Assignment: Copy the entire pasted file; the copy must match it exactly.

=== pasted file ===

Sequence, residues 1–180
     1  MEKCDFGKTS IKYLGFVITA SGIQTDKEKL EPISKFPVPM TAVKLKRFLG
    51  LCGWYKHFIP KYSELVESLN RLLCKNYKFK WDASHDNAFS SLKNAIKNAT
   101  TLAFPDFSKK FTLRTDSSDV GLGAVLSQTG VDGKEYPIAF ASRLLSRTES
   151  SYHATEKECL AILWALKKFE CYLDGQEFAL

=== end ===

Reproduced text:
Sequence, residues 1–180
     1  MEKCDFGKTS IKYLGFVITA SGIQTDKEKL EPISKFPVPM TAVKLKRFLG
    51  LCGWYKHFIP KYSELVESLN RLLCKNYKFK WDASHDNAFS SLKNAIKNAT
   101  TLAFPDFSKK FTLRTDSSDV GLGAVLSQTG VDGKEYPIAF ASRLLSRTES
   151  SYHATEKECL AILWALKKFE CYLDGQEFAL